When analyzing plain-text log files such as the Web server logs or the Sfc, or DISM log files, you may sometimes prefer the most recent items appearing at the top. However, most of the log files that Windows generates would have the oldest entries listed first — entries listed in chronological order.
You may be wondering how to reverse the lines in a log file (or any plain-text file, for that matter) so that the newest items appear at the top. You can reverse the lines in a text file using several methods, of which some of them are covered in this article.
Reverse a text file in Windows
Note: As always, before proceeding, be sure to backup the original text file before manipulating it — e.g., using find/replace, or running a script or macro against a text file.
Reverse a Text File Using Different Ways in Windows
There are several free online services to reverse the order of the lines in a text file for you. Here is a couple of useful sites:
Sort Text Lines - Text Mechanic: https://textmechanic.co/Sort-Text-Lines.html Big File Tool - Sort Lines: https://textmechanic.co/Big-File-Tool-Sort-Lines.html Reverse Lines: https://www.miniwebtool.com/reverse-lines/
To reverse the order of the lines in a text file using PowerShell, use this command-line syntax from a PowerShell window:
$x = Get-Content -Path "C:\Users\ramesh\Desktop\dism.log"; Set-Content -Path "C:\Users\ramesh\Desktop\dism.log" -Value ($x[($x.Length-1)..0])
Make a VBScript file from the following contents. To do so, open Notepad, copy the following lines into it and save the file with .vbs extension — e.g.
'Script to reverse the lines in a text file. Takes a text file name as the argument. If Wscript.arguments.count = 0 Then wscript.quit Dim sFileName sFileName = Wscript.arguments(0) Const ForReading = 1 Const ForWriting = 2 Const TriStateTrue = -1 Dim arrLines() i = 0 Set objFSO = CreateObject("Scripting.FileSystemObject") Set objFile = objFSO.OpenTextFile(sFileName, ForReading, TriStateTrue) Do Until objFile.AtEndOfStream ReDim Preserve arrLines(i) arrLines(i) = objFile.ReadLine i = i + 1 Loop objFile.Close Set objFile = objFSO.OpenTextFile(sFileName, ForWriting, TriStateTrue) For i = Ubound(arrLines) To LBound(arrLines) Step -1 objFile.WriteLine arrLines(i) Next objFile.Close Wscript.echo "Done"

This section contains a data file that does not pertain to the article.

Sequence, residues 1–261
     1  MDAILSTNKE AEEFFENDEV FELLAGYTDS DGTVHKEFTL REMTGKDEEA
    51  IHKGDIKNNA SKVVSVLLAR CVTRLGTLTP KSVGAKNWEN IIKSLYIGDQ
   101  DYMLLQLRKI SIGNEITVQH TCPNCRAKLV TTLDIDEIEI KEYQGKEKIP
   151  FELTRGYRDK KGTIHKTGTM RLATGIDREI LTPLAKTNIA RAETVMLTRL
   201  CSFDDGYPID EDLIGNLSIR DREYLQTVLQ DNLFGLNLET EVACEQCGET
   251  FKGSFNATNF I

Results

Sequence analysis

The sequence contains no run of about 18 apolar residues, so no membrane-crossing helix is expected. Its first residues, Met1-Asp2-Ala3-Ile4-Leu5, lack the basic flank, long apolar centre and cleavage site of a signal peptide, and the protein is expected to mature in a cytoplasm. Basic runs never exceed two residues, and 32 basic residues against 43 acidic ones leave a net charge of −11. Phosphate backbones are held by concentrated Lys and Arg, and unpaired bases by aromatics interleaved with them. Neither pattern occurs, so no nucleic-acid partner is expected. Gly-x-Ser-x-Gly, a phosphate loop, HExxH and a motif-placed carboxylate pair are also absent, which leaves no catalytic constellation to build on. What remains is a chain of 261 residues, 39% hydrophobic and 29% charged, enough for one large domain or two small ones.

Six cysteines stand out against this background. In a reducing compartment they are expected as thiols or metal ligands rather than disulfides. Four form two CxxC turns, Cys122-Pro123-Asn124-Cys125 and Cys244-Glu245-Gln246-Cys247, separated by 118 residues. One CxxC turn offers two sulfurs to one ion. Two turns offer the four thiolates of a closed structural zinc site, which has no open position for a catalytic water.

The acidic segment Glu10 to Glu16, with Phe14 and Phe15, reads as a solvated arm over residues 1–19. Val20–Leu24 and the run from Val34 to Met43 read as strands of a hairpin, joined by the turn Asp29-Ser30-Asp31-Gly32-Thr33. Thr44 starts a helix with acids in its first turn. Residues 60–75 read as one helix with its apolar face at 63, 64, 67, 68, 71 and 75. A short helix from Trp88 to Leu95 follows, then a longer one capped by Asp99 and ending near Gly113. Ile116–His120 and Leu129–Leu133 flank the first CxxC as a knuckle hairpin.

To run the VBScript file, use the following command-line syntax:
cscript //nologo reverse_text_file.vbs "d:\logs\somefile.txt"
wscript reverse_text_file.vbs "d:\logs\somefile.txt"
Alternately, drag the text file on the VBScript file to reverse the text file contents.
You may also place a VBScript shortcut to the Send To folder for easier access. In the Send To folder of your user account, create a shortcut to the VBScript with wscript.exe prefix — e.g.
wscript.exe d:\reverse-text-file.vbs and customize its icon and shortcut caption.
To reverse the lines in a text file using Notepad++, first, you’ll need to add serial number prefix for each line. Then reverse the lines (lexicographically descending), and then finally remove the serial numbers. Follow these steps:
- Open the text file using Notepad++
- Select all the contents via Edit → Select All
- From the Edit menu, select Column Editor
- Select the Number to Insert radio button.
- Set Initial number: to
- Set Increase by: to
- Enable Leading zeros, and click OK. This adds the line number or the serial number before each line.
- From the Edit menu, click Line Operations → Sort Lines Lexicographically Descending.
The lines in the text file are now reversed. The total number of lines in this example is
5digits). Now, you’ll need to remove the first five characters (Sl. no) in each line.
- Go to the 1st line in the text file, and press Ctrl + H to launch the Find & Replace dialog.
- In the Find what: text box, type
- In the Replace with: box, type
- Set the Search Mode to Regular expression
- Click Replace All. That’s it. The first five characters are removed.
- Save the file and close Notepad++.
This reverses the lines in your text file!
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About the author
Ramesh Srinivasan founded Winhelponline.com back in 2005. He is passionate about Microsoft technologies and he has been a Microsoft Most Valuable Professional (MVP) for 10 consecutive years from 2003 to 2012.